Fortunately, it appeared that religious tensions had never been among them.

In Taiwan, where people are predominantly followers of Taoism and Buddhism, seeing a church sitting right next to a temple on the same street is so common that people do not find anything strange about it. Believers of different faiths usually get along without any problem.

Sean Lien has to address ‘princeling’ status: DPP

LIEN LEGACY:While being rich is not a sin, Sean Lien cannot avoid public scrutiny of the source of his family’s wealth and their alleged close ties to China
By Chris Wang  /  Staff reporter

Former Taipei EasyCard Corp chairman Sean Lien (連勝文) will have to address the public’s biggest doubt about his Taipei mayoral bid — his “princeling” status — despite a pledge to donate all his salary to charity to ease those concerns, the Democratic Progressive Party (DPP) and its mayoral contenders said yesterday.

The DPP will do whatever it takes to end the “princeling regime” in the nation’s capital, party spokesperson Lin Chun-hsien (林俊憲) said in response to Lien’s announcement yesterday morning.

Show host questions Lien family’s financial dealings

By Chris Wang  /  Staff reporter

Former Taipei EasyCard Corp chairman Sean Lien (連勝文), who yesterday announced his bid for the Chinese Nationalist Party (KMT) Taipei mayoral primary, and his family members may have benefited from insider trading, political pundit Clara Chou (周玉蔻) said yesterday.

Chou, a News 98 radio show host, aired her allegations at a news conference in Taipei about half an hour before Lien’s own press conference to confirm his bid.

Over 300 officials violate China travel rules: TSU

By Chris Wang  /  Staff reporter

More than 300 public servants traveled to China between 2006 and this year, posing a serious risk to national security, the Taiwan Solidarity Union (TSU) legislative caucus told a news conference yesterday.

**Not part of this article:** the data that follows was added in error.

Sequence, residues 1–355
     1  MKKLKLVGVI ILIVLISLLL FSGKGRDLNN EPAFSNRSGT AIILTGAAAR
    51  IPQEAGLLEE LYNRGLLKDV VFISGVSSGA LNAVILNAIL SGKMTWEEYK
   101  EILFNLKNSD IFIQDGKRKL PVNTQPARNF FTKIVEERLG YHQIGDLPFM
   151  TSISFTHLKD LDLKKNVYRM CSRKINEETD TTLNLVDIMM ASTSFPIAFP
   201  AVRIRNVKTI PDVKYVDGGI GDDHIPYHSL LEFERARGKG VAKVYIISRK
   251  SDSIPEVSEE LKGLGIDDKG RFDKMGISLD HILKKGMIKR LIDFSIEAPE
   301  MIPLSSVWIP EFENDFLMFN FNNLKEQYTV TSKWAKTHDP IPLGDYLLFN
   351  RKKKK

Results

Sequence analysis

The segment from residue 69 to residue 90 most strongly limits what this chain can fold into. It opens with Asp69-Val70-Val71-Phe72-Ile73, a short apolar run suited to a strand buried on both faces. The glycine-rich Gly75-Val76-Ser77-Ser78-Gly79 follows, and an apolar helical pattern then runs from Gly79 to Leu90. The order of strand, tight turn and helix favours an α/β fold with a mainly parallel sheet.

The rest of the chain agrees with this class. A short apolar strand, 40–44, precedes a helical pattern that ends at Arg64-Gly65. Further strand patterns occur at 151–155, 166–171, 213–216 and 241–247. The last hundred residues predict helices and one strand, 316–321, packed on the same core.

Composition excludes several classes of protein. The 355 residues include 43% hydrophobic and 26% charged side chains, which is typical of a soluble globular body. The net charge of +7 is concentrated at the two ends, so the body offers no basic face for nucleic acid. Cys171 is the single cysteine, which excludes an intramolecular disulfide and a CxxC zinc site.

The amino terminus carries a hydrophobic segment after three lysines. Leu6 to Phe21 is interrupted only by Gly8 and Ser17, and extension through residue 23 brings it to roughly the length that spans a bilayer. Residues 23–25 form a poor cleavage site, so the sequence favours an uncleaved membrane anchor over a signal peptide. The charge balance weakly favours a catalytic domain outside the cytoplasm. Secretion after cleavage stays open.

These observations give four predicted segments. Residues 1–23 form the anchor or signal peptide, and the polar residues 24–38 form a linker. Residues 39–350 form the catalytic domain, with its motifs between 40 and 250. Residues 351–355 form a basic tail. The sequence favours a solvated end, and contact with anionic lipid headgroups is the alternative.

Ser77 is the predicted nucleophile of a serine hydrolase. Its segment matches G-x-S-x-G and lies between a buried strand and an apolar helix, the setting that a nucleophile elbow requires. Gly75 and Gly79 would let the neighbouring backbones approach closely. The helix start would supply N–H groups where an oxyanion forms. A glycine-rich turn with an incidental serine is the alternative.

Citing data provided by various government agencies, the TSU caucus said 366 officials, including those from the military, police and the Ministry of Justice’s Investigation Bureau, had traveled illegally to China during the past seven years.

Monday, February 24, 2014

DPP aspirant mayor touts closing Songshan airport

By Chris Wang  /  Staff reporter

A revolutionary plan to transform the Taipei International Airport (Songshan airport) into a “grand central park area” will create a “green lung” in the city and revitalize the city’s old and dilapidated west side, Democratic Progressive Party (DPP) Legislator Pasuya Yao (姚文智) said yesterday.

Yao, one of five hopefuls in the DPP’s primary for the Taipei mayoral election, told a press conference that his proposal would be “an urban revolution which is able to generate an output value of up to NT$10 trillion [US$329.3 billion].”

Sean Lien ‘must disclose his relations with Beijing’

ON THE ATTACK:Former vice president Annette Lu yesterday singled out Sean Lien and Ko Wen-je, like her Taipei mayoral aspirants, to explain their ties with China
By Chris Wang  /  Staff reporter

Former Taipei EasyCard Corp chairman Sean Lien (連勝文), who is scheduled to announce his bid to run in the Taipei mayoral election today, should disclose his relations with Beijing and whether he holds foreign nationality, former vice president Annette Lu (呂秀蓮) said yesterday.

Lu is among five DPP contenders in the party’s primary for the election, scheduled for November this year, while Lien, one of the sons of former vice president Lien Chan (連戰), is seen as the frontrunner among a number of Chinese Nationalist Party (KMT) hopefuls.

Friday, February 21, 2014

DPP confirms participants, establishes deadline for Ko

By Chris Wang  /  Staff reporter

The Democratic Progressive Party (DPP) yesterday confirmed that there would be five participants in its primary for the Taipei mayoral election, but independent hopeful Ko Wen-je (柯文哲) could be added as the sixth if he joined the DPP by Wednesday.